Many Americans depend on nursing homes to care for their parents and other family members. Tragically, however, many of these facilities violate that trust. The Nursing Home Abuse Center reports that about 1-2 million senior citizens have suffered mistreatment, exploitation, or injury by caregivers. Abuse is often hard to identify because many victims are unwilling or unable to report it. What follows are some signs you should look for and what you can do if you suspect mistreatment.
Abuse takes many forms. It may be physical, sexual, emotional, financial, or otherwise. It is a sad reality that many caregivers, aware of their patients’ vulnerability, view them as easy targets. Neglect may include failure to properly supervise or feed a resident. Sometimes, mistreatment takes the form of intentionally failing to seek medical treatment for an accident victim. Other times, the problem may involve one patient being bullied by another while the nursing home fails to do anything.
There is no comprehensive list of the different types of nursing home abuse or neglect. But these are some common signs of mistreatment:
Abuse and neglect can have obvious negative physical consequences, which may get worse if the victim is in poor health or has suffered persistent mistreatment for a long period. If a patient is not receiving his or her medication, the condition being treated may worsen. It is important to take immediate action if there is any concern that someone is not receiving proper care.
There are some common causes of nursing home abuse and neglect. One is inexperienced or poorly trained staff members. In addition, facilities that are not properly managed can result in inattentive employees, which can lead to neglect. Keep these in mind when reviewing a facility’s reputation, either before or after a loved one takes residence there.
Tragically, elder abuse is severely under-reported. Many patients fear retaliation for complaining about problems of any kind. For this reason, cases are often brought to light only after a concerned relative or staff member intervenes.
One way to prevent nursing home abuse and neglect is to visit the patient often, as the most vulnerable residents are those who receive the fewest visitors. Also, visiting a facility gives you the chance to see for yourself how it’s operated. Talk with staff and management and be on the lookout for unsafe or unsanitary conditions.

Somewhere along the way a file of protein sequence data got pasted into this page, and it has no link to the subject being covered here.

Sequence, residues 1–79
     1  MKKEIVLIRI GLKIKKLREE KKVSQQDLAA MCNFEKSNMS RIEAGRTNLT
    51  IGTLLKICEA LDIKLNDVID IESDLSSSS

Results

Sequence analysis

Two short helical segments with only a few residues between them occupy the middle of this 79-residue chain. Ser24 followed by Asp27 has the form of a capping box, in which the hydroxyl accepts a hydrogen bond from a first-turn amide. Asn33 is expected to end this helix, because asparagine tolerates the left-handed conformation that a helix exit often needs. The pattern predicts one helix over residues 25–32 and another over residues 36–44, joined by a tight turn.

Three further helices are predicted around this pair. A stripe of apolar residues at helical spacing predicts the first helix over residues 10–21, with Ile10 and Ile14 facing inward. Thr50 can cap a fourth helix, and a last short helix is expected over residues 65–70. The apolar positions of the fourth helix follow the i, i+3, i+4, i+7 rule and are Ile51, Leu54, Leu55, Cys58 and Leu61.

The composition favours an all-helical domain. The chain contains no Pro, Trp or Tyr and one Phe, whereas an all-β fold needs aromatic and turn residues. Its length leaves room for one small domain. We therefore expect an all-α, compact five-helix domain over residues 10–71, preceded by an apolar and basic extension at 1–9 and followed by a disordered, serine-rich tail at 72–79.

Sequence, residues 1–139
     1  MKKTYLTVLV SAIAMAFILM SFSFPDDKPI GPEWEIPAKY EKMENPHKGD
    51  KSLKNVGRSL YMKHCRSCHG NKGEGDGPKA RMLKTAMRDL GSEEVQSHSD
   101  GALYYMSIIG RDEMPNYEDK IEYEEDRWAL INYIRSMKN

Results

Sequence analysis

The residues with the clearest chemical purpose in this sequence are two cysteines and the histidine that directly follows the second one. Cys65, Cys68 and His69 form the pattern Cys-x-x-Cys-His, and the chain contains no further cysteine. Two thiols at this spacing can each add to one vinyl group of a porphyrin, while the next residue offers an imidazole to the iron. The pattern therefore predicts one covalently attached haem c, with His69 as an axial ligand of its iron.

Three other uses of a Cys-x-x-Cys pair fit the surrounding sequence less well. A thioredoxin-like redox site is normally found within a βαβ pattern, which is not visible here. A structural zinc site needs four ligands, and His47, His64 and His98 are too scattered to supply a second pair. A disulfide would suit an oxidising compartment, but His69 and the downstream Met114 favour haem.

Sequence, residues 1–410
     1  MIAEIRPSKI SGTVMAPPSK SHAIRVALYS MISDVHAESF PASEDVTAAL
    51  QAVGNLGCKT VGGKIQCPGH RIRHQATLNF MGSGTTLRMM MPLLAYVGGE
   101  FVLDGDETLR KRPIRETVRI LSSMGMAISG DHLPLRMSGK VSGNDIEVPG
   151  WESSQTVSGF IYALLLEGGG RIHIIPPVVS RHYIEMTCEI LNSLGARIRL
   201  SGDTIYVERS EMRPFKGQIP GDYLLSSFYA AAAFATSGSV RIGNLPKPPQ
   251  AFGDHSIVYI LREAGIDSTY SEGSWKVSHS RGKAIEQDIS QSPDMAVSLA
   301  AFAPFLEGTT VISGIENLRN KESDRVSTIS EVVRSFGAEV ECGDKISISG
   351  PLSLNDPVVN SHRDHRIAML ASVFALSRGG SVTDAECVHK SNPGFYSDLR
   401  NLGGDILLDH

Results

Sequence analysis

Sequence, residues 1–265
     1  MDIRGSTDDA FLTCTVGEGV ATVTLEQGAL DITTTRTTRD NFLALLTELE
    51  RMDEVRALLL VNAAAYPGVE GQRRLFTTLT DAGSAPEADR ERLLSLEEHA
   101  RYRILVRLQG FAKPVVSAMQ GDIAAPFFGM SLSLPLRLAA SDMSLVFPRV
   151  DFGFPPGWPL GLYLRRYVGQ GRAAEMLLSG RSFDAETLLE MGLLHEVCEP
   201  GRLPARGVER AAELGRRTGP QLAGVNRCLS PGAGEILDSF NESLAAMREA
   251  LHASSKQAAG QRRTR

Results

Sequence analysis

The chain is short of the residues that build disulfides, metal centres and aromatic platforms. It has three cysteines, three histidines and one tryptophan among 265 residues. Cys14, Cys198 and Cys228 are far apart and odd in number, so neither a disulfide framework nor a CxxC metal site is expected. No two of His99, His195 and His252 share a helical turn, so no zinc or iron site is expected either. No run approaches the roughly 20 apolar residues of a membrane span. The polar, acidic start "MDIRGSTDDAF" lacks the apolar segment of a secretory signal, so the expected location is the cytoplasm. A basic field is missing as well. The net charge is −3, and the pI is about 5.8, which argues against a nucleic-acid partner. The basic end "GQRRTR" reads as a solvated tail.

Georgia laws and regulations afford certain rights to nursing home residents. The purpose of these rules is to guarantee that facilities are clean, safe, and comfortable for their patients. For example, nursing homes must take reasonable steps to prevent falls. They also have to respect patient privacy, and a big part of that is allowing residents and their guardians to manage their own financial affairs. This, of course, does not totally prevent identity theft and other crimes. Make sure that the responsible party, or the patient him- or herself, is properly managing assets and money.
The Georgia Department of Community Health is responsible for nursing home regulation. Among other resources, it maintains records on nursing home licenses and provides an online tool to file complaints. However, your first step should be to contact an experienced nursing home abuse attorney. If left unattended, abuse and neglect can quickly compound existing health problems or create new ones. You may need swift legal action to prevent this, and the attorneys at Hammers Law Firm may be able to help. Reach out today for a consultation and review of your legal options.